Four-star event rider Coral Keen provides one H&H forum user with some helpful advice on how to get her horse in front of the leg and responsive to the aids

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Q: The acceptance of the aids: “Please may you share your tips and suggestions for teaching a horse acceptance of the aids: hand, leg, seat, and so on? I had a epiphany last night that ‘Skylla’ and myself had been ‘faking it’ with regards the understanding of leg aids — we both thought we understood what was what, until I asked for turn on the forehand and angelic baby horse did a ‘I don’t understand, I shan’t do it and I shall make my feelings known…’. She might have reached the teenage stage where she thinks she knows it all, and any correction is met with complete disbelief that I could possibly want anything other than what she is offering. So we are going back a couple of steps, to independent aids, release and reward when correct response is given. Tips for getting a very reactive baby horse to accept the leg are welcome!”

A: I often find with young horses that they go though different stages in their learning. With your horse, I’d go back to basics and do lots of transitions to get him to listen to your leg and so that he fully understands that your legs mean go.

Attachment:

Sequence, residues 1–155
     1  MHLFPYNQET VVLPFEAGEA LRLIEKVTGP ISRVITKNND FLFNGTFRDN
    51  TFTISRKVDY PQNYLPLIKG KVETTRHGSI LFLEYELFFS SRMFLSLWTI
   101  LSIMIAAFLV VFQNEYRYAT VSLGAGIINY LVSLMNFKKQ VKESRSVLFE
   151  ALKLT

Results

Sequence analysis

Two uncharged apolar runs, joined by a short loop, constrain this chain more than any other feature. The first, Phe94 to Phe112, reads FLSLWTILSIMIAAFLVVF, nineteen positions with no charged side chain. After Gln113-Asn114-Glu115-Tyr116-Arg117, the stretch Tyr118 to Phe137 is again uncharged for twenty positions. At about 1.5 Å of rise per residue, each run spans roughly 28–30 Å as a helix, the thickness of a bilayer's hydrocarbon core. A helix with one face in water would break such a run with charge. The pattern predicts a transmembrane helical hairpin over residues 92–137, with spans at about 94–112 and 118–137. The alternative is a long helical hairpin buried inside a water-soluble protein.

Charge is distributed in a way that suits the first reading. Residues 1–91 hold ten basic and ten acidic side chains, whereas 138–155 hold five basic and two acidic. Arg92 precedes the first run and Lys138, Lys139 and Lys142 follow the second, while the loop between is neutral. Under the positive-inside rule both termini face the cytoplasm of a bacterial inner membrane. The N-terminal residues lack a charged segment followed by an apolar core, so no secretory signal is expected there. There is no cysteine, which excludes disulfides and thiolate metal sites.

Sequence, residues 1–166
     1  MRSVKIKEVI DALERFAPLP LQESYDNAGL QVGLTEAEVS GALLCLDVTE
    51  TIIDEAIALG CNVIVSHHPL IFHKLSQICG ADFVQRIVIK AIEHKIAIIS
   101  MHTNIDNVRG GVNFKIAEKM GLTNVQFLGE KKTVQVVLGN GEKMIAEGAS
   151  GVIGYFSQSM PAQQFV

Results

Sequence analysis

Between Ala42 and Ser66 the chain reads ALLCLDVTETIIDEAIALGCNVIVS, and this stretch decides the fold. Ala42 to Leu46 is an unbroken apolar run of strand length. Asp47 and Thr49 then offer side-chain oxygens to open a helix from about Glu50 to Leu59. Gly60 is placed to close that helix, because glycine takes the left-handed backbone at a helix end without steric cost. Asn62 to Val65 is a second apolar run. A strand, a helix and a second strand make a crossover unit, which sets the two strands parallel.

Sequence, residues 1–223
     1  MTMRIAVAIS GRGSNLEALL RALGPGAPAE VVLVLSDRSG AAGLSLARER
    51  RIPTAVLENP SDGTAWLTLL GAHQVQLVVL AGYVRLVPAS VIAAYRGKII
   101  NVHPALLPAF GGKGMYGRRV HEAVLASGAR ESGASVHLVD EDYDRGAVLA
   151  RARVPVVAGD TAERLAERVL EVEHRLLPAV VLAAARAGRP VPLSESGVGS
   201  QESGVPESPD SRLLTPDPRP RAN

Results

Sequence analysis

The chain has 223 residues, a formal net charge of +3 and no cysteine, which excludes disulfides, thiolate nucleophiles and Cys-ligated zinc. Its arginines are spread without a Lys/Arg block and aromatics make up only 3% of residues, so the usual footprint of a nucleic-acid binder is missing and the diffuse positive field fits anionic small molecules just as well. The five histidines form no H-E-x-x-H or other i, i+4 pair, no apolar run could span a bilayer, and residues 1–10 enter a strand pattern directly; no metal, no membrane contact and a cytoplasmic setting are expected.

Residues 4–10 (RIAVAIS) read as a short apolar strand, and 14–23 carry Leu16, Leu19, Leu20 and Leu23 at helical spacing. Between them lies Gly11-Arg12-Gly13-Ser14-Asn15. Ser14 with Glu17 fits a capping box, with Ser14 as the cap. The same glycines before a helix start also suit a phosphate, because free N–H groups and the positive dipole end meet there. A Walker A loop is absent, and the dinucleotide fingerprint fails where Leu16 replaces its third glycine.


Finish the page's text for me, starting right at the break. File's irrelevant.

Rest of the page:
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If the turn on the forehand is something that you particularly want to focus on, I would do it in a very straightforward and uncomplicated way so that it is easy for the horse to understand. Take a 20m circle and turn it into a large square.

Use your outside leg to create the corners. Keep your hands really forward so that the horse doesn’t get confused. Open your inside leg towards your knee, to guide the horse around, but don’t pull back and block the horse. Turn your head and shoulders which will also help the horse to understand where you want to go. This is also a good exercise to teach the horse that the outside legs turns the outside shoulder.

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If the horse is still resisting, move away from a turn on the forehand completely for a while and just let the horse to go forwards and accept the leg in a really easy, relaxed way on large circles and straight lines.

With a horse that is sharp to the leg make sure your leg is always around the horse, just cuddling around it, but not clamped on. The temptation with a hot horse is to take the leg off which means when you do put your leg back on you will get a sharp reaction. Then increase and decrease the pressure. If you suddenly putting the leg on your horse will overreact.